Monday, February 20, 2017

Joë Caligula (1966)

While the banning of any film is an unnecessary and fascistic act, the history of such instances will always remain an endless source of fascination and frustration for film fans. Obviously the most famous list of persecuted titles will always be the “Video Nasties”, which sparked one of the most ludicrous outbreaks of moral panic in recent memory. A more contemporary example would the be banning of Kim Ki-duk’s Moebius (2013) in Kim’s home country of South Korea, forcing Kim to make several cuts in order to secure theatrical distribution. In Australia, a country notorious for draconian censorship practices, innumerable films have been refused classification, which is tantamount to banning, one such film being Larry Clark’s Ken Park (2002). In response to this, film critic and TV personality Margaret Pomeranz held a protest screening of the film which was subsequently shout down by the police. Then of course there was the banning of Takashi Miike’s Imprint (2006) by Showtime, a supposedly "uncensored" cable channel. One of the most egregious example of the banning of a film would be the decision by the French censor board to ban José Bénazéraf’s Joë Caligula the night before its intended premier and after it had already been given a rating. Bénazéraf took it personally and rightfully so as Joë Caligula is one of the purest examples of Bénazéraf’s cinematic anarchy and an crucial film in Bénazéraf’s oeuvre.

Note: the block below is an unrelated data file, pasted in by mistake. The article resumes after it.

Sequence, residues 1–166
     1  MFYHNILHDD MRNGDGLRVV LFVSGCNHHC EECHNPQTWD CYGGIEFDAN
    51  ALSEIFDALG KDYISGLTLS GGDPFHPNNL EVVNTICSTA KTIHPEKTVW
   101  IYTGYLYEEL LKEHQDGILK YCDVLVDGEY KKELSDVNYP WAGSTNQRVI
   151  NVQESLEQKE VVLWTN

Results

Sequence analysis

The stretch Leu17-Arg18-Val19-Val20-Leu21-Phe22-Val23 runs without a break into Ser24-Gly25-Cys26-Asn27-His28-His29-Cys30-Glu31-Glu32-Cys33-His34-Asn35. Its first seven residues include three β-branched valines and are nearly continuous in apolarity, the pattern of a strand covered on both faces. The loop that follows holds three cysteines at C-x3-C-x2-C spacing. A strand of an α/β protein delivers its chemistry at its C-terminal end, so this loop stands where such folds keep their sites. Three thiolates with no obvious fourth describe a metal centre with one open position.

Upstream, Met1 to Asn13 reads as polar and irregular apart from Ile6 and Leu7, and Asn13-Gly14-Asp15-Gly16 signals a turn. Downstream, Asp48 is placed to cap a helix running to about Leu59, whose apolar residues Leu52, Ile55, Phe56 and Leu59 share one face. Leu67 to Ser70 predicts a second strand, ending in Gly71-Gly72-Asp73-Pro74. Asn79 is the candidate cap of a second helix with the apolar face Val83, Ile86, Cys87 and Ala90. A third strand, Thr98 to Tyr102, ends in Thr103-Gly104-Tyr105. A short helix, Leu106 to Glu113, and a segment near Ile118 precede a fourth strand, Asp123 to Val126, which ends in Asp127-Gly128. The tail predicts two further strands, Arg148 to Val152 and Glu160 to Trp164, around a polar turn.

In an attempt to take over the ranks of organized crime in Paris, “Joe Caligula” (nicknamed as such do to his vanity, penchant for sadism and his incestuous feelings for his sister Brigitte), a young gangster and his crew of thugs wage war on the old guard of the Parisian underworld and get the attention of the established bosses after kidnapping and roughing up one of the big names demanding money. Joe and his crew continue their crusade although they soon go too far, setting fire to another high ranking gangster from a rival gang resulting in an eruption of violence, the consequences of which can only be tragic.

On paper Joë Caligula probably sounds like a fairly straightforward crime film about gang warfare, however with Bénazéraf at the helm the film becomes something else entirely, something wild and transgressive, borderline surreal at times. The film does follow a linear narrative, however Bénazéraf’s off-center sensibilities give way to an unpredictable and stream of consciousness type of storytelling with very few of the characters behaving like normal human beings and Bénazéraf peppering the film with random, matter of fact scenarios such as Joe and his crew posing in new outfits, a dance outbreak in a diner, Brigitte stopping in the middle of a walk to pose like a mannequin outside a storefront window and a classic Bénazéraf striptease performance set to the tune of “I'm Evil” that plays not once but twice. Also typical of  Bénazéraf’s films from this period is the distinct lack of dialogue and tense moodiness that results from the moments of silence with Bénazéraf focusing more on the brooding faces of the actors, the languid atmosphere of the film only being broken by the bursts of casual violence and manic free jazz score. What’s incredible is that despite the incidental nature of a good portion of the film, emotional investment comes rather easy, particularly later in the film when the score becomes mournful and Bénazéraf gives Brigitte, easily the most fascinating and enigmatic character in the film, his full attention, leading to a surprisingly heartfelt climax which in turn gives way to the haunting imagery that ends the film.